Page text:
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When Intuition Clashes With Analysis

Which one to trust?

What should we do when our intuition clashes with our analysis in an important decision? Stick with analysis? Go with intuition? How to decide?

Consider John, who is a promising 35-year-old manager at an international company. Recently, John’s duties have been augmented to include participating in hiring decisions related to some of the company’s expansion plans. John is glad to have this involvement in his company’s decision-making process, not least because it gives him the chance to interact with senior management and impress them with his abilities. For these particular hiring decisions, all members of a committee get to interview candidates one-on-one, after which there is a discussion on each case in a committee meeting. John looks forward to these meetings. He sees them as occasions where he can both contribute to the company’s operations and also advance his own agenda.

In evaluating job candidates, John is careful to follow a well-reasoned analytical approach that essentially allows him to give a “score” to each candidate he sees. John has identified what he considers to be the important requirements of the jobs at stake and he is careful to rate each candidate on each dimension in a way that he can articulate and defend. It is a thoroughly rational way to make decisions and also one that allows him to explain his choices to his colleagues on the selection committee.

In the first few committee meetings, John—who has scrupulously followed his procedure—sees that his choices match quite well with those of his senior colleagues and notes, with a certain amount of pride, that his contributions to the meeting have been appreciated. However, in the current meeting that has been called to evaluate a candidate called Jake, John faces a problem. According to his analytical assessment procedure, there is no doubt that Jake is a superior candidate. He scores highly on all dimensions. In fact, he has one of the highest possible scores in John’s system. And it is also clear that this will be obvious to the other members of the committee.

The problem is that, in the course of his one-on-one interview with Jake, John just had a sense that Jake was a flawed candidate. He didn’t know why he had this sense—it just seemed to happen. This feeling—or intuition—contradicted the analytical appraisal that John had made and left him quite uncomfortable. John’s analysis was being strongly contradicted by his intuition. What should he do? What should he tell the other committee members?

At first, John only saw two alternatives. One was to go with analysis. That is, stick to his analytical evaluation and forget about his intuition. After all, his analytical evaluation could be explained and justified. His intuition could not. And there are further advantages to rely on analysis alone: Subjective judgments can be biased in many ways, while numbers tend to cut through these. The results also tend to be consistent across different candidates, leading to a fairer evaluation.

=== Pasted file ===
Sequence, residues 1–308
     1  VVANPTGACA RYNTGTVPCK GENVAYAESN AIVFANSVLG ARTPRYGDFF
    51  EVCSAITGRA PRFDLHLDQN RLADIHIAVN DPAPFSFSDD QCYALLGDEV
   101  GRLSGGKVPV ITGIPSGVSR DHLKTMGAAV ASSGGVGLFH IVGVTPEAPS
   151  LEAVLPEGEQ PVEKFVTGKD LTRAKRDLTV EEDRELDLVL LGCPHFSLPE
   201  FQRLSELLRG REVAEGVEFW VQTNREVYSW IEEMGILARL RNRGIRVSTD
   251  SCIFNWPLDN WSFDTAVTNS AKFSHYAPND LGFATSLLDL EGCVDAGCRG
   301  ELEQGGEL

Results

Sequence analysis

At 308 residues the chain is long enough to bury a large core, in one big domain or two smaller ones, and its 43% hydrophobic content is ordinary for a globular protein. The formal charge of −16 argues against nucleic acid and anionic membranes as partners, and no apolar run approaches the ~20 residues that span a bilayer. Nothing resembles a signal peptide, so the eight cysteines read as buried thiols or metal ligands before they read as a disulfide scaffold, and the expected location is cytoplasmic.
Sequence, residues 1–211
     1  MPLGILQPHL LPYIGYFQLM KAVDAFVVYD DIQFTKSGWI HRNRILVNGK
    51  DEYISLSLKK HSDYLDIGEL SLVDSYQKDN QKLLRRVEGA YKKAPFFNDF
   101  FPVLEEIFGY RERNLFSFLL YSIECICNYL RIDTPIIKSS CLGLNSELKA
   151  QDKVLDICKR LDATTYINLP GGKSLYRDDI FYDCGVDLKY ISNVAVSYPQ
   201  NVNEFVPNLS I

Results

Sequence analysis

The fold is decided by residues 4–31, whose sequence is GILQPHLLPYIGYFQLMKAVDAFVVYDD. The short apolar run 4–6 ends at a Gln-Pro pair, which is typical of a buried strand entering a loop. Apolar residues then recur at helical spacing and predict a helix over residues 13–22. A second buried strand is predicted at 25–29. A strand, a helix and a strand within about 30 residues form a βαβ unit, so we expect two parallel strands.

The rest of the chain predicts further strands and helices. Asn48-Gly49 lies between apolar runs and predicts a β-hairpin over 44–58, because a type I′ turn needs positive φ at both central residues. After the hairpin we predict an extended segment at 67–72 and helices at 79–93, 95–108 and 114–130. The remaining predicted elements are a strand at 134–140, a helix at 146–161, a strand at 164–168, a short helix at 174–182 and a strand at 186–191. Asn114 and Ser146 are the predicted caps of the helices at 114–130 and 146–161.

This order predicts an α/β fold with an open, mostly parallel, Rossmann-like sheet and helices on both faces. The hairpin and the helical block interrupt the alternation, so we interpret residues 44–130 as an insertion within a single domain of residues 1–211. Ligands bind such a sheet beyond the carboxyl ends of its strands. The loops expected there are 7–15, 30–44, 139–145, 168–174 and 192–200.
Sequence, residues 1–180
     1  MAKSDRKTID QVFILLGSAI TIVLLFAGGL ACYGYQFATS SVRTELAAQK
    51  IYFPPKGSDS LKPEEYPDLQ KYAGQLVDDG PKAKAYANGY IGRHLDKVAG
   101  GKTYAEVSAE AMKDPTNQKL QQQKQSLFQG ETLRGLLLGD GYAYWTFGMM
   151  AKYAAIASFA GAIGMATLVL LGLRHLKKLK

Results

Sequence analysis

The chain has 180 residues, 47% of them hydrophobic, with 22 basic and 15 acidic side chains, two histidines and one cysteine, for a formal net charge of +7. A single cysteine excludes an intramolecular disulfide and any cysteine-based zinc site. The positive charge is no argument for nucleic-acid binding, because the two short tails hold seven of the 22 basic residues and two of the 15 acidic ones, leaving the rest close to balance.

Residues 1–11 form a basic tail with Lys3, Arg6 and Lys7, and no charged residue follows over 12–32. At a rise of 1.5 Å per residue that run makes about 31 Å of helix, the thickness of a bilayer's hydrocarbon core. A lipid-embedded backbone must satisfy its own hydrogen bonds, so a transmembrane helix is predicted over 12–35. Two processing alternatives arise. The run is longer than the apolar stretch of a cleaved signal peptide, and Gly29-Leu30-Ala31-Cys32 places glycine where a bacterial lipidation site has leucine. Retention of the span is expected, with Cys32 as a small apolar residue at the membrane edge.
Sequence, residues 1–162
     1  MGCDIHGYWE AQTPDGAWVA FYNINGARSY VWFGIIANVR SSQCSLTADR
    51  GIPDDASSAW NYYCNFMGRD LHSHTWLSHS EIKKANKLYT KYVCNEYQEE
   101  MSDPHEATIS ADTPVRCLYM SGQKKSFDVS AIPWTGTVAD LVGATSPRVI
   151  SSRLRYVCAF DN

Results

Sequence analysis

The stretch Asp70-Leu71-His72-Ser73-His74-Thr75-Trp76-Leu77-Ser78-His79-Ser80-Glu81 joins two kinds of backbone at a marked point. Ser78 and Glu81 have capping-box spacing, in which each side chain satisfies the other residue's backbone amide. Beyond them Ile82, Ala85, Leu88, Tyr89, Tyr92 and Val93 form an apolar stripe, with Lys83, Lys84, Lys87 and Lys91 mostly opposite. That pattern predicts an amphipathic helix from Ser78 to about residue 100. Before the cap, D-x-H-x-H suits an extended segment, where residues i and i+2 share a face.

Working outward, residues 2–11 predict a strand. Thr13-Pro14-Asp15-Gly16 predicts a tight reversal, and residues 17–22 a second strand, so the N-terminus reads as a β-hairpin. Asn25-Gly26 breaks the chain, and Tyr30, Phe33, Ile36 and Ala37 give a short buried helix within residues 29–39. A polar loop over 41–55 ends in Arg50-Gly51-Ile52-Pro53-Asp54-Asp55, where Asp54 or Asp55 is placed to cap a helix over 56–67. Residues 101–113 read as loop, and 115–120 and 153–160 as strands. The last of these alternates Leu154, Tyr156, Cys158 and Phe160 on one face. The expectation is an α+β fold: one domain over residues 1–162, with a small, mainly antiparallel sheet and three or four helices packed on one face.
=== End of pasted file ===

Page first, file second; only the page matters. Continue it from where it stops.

The second alternative was to trust wholly his intuition. After all, experienced business executives make many of their decisions in a highly intuitive manner and reducing such a complex decision to simple analytics may be inappropriate, especially when dealing with people. There are certain disadvantages to relying strongly on analysis. For instance, what if John’s model and measurements are wrong? Instead, John could easily make a case for rejecting Jake based on intuition that the other committee members would endorse.

However, neither of these alternatives seemed right to John. So, instead, he sought to learn from a combination of the two.

In particular, he decided to take the path of sharing his dilemma with the committee. First, he laid out the analytical case for hiring Jake. This was crystal clear. But next, he asked the committee members to consider the fact that his interview with Jake had left him with an uncomfortable intuition that Jake was not a suitable candidate.

When intuition and analysis clash, the understanding of the situation can be augmented by the wisdom of the crowds. For instance, if committee members don’t share John’s view, the dilemma gets promptly eased. It suddenly becomes more probable that John’s intuition was a fluke.

In Jake’s case, however, another committee member added that she too had experienced negative feelings when interviewing him. This information then led to an insightful discussion about how other committee members had reacted to Jake. In short, John’s statement about his feelings during his interview with Jake led to a rich evaluation of the evidence and feelings about Jake’s candidacy. They augmented the analytical assessment.

There are many situations in which analysis and intuition contradict each other and it is important that people develop mechanisms for exposing and dealing with these disagreements. What this story suggests is that neither analysis nor intuition alone should be the basis of a complex, one-off decision. Instead, people should augment the recommendations of one with those of the other. It may, of course, not be possible to reconcile analysis and intuition, but it is important that both receive adequate attention.

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